Your eye exam can feature many diagnostic tests to evaluate your eye health, including a detailed look at the internal structures of your eye. Completing this examination can help identify eye diseases during their early stages, so you can preserve and protect your vision.
One device that may be used in your eye exam is the Optomap, but what is this technology?
What Is Optomap?
During an Optomap scan, you look into a device that scans your eye, taking an image. Your eye doctor receives a detailed photo that can show approximately 80% of the retina in a single image.
Like other diagnostic tests, getting an Optomap is often an essential part of a comprehensive eye exam.
What Is a Retinal Scan?
A retinal scan, also known as retinal imaging, is a way to capture detailed images of your retina, optic nerve, and the blood vessels in your eye. Depending on the type of retinal imaging, this technology uses different techniques to take photos of your eye and help your eye doctor diagnose eye problems.
Besides Optomap, other types of retinal scanning methods can include:
- Ultrasound: an image created using sound waves
- Optical coherence tomography: a scanned image created by light waves
How Does Optomap Work?
During an eye exam, your eye doctor may need to dilate your eyes to assess your overall eye health. Dilating your eyes can help more light shine to the back of your eye, so your eye doctor can identify eye diseases and other problems.
An Optomap can help your optometrist assess your eye health without dilating your eyes. This technology uses lasers to create a wide image, scanning the eye to see almost 200 degrees. Your eye doctor can use Optomap technology to take many pictures of the back of your eye and identify eye conditions during their early stages.
What Can Optomap Diagnose?
Optomap can help diagnose several eye problems, including:
- Diabetic retinopathy: Diabetic retinopathy is an eye disease that can affect individuals with diabetes. It occurs when blood vessels swell and leak fluid and blood into the retina. As this disease progresses, it can lead to severe vision loss and other complications.
- Age-related macular degeneration: Age-related macular degeneration (AMD) is a disease where your macula thins and affects your vision. This part of the eye is essential for central vision, and damage to the macula can lead to vision loss, making it difficult to see directly in front of you.
- Retinal detachment: Retinal detachment is an eye emergency where the retina pulls away from the back of your eye. A detached retina can lead to permanent vision loss, but swift action from your eye doctor can help protect your sight.
- Hypertension: Hypertension, also known as high blood pressure, can damage the blood vessels in your eye, leading to nerve damage and other complications.
- Glaucoma: Glaucoma is a group of eye diseases that damage your optic nerve, an essential part of your eye for vision. This damage typically—but not always—occurs due to increased pressure in the eye. Without proper treatment, glaucoma can lead to severe vision loss.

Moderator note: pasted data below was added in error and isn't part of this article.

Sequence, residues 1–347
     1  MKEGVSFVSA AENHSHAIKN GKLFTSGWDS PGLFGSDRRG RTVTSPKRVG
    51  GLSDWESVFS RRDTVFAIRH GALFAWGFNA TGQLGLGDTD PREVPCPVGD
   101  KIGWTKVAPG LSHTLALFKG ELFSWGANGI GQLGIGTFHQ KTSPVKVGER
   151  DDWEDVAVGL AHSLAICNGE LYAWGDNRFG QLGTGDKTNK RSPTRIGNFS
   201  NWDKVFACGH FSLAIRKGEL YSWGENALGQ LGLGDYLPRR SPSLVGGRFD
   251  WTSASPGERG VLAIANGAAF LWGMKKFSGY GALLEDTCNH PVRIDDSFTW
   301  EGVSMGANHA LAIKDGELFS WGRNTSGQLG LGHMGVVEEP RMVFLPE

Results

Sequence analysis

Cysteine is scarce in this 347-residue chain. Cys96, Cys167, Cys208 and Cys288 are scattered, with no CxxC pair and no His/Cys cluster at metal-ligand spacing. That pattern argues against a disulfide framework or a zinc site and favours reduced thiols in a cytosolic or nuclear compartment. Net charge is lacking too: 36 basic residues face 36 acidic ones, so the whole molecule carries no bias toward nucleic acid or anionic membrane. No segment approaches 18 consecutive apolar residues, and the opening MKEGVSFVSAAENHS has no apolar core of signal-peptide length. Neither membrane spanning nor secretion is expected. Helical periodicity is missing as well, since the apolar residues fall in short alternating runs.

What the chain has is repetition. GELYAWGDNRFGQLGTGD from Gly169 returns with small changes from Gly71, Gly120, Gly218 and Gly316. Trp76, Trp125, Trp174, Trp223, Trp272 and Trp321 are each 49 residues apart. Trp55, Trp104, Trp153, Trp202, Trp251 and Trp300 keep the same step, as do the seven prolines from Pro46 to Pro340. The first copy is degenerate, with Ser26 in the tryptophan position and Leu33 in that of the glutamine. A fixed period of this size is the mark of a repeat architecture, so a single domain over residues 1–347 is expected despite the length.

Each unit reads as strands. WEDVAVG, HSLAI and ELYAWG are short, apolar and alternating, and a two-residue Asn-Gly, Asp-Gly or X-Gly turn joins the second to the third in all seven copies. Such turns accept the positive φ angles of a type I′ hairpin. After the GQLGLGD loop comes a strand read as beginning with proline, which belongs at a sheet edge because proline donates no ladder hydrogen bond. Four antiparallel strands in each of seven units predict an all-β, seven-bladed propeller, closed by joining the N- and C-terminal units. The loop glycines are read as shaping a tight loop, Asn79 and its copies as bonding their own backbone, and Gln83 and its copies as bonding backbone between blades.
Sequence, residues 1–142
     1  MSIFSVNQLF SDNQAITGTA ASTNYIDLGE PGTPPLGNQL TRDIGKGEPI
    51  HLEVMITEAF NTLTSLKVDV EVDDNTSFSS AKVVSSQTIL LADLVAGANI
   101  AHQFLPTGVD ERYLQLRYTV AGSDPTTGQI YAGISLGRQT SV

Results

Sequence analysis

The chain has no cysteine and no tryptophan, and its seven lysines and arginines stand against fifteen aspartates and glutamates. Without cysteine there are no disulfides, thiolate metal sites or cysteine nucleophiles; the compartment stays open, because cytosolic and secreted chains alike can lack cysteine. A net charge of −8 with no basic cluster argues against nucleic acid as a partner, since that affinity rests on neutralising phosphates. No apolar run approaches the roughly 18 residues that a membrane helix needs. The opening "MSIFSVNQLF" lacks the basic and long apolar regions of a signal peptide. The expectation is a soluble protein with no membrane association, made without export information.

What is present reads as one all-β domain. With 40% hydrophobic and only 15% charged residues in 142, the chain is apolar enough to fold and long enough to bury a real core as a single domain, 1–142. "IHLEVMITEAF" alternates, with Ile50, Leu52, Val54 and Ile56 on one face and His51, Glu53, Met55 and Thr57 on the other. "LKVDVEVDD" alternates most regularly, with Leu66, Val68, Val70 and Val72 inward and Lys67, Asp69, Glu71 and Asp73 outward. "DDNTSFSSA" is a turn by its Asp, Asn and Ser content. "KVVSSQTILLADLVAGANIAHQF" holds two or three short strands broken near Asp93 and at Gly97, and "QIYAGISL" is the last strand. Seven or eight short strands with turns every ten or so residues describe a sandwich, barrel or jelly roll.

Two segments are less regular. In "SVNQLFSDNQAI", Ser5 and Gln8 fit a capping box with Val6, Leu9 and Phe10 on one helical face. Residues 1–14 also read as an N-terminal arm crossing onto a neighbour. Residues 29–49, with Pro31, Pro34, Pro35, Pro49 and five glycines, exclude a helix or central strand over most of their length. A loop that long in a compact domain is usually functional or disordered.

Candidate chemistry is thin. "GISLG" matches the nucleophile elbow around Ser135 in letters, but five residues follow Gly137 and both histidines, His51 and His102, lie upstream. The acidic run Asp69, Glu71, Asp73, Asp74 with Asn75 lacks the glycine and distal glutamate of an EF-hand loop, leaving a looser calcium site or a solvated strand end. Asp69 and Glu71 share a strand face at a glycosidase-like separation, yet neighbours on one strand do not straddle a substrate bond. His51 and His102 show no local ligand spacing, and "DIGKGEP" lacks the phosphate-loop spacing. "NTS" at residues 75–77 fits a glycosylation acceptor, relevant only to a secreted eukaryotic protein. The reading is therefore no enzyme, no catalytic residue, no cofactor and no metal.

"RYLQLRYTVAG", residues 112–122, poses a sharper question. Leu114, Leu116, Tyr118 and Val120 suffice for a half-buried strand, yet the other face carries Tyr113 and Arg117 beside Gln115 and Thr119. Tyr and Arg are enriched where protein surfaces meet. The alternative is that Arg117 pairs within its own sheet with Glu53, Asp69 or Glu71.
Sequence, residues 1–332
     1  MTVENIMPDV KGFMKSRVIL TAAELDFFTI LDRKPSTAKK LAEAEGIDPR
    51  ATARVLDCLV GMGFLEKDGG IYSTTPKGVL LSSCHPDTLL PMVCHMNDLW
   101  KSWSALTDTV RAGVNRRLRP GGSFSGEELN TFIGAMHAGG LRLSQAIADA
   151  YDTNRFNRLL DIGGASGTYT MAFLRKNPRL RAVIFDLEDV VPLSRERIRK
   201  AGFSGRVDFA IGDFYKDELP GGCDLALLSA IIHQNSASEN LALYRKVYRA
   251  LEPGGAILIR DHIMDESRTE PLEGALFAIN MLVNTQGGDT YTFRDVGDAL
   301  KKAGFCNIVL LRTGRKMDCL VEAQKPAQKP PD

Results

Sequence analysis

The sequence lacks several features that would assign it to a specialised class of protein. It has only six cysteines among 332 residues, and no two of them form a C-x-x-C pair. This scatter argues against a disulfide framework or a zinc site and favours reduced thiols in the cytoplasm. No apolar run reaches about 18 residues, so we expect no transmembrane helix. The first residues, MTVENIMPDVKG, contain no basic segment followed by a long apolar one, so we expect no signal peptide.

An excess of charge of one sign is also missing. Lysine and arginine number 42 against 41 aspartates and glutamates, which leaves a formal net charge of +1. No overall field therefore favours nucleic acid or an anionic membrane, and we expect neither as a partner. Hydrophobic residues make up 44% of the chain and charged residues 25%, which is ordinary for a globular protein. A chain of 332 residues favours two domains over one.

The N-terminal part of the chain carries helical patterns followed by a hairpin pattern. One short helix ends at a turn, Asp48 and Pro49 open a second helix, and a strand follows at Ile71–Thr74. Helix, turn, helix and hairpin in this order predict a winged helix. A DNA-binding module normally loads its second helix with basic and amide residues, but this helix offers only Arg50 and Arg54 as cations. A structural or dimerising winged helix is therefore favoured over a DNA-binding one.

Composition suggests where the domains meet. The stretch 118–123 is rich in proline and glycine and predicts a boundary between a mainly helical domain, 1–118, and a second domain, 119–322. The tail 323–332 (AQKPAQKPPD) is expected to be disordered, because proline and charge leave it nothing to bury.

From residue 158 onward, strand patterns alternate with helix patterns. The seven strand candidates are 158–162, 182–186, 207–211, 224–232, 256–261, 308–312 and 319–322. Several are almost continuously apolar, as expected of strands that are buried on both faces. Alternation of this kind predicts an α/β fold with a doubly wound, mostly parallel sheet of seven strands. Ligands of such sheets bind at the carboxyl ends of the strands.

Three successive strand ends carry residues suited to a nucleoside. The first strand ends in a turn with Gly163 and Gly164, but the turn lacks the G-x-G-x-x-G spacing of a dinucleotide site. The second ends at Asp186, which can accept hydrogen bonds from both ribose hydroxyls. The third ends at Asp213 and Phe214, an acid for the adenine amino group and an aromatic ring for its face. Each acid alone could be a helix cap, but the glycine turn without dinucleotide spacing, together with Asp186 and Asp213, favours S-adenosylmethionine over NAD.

What Are the Pros and Cons of Optomap?
As technology improves, more optometrists use devices like Optomap equipment to protect their patients’ eye health and vision. This technology has pros and cons your optometrist will consider before using it. Eye doctors may use multiple technologies to identify eye problems during an eye exam.
Optomap has several pros, making it a highly useful device for meeting your eye care needs. Besides taking photos of the retina that can be saved for future comparison, an Optomap device can help:
- Prevent severe vision loss or blindness through early diagnosis of eye conditions
- Detect other diseases like cancer and cardiovascular disease
- Provide an ultra-wide image of the back of your eye for thorough examinations
While Optomap has many benefits, it’s not perfect. Some studies have concluded that Optomap can help diagnose problems early, but there may need to be other methods used to support this diagnosis.
Additionally, the device cannot capture a complete image of the eye. However, it can capture a wide image, and your optometrist will take many photos during your eye exam to help identify eye problems. Your eye doctor has many tools to protect your eye health and vision and provide a clear, accurate diagnosis for eye conditions.
Experience the Benefits of an Optomap
Your vision is precious, and eye exams are essential for keeping your eyes and sight safe. As your eye care team, we can use diagnostic tools like an Optomap to diagnose eye problems during their early stages and provide care to help you preserve your vision. Contact us when it’s time for your next eye exam to experience the difference diagnostic technology can make.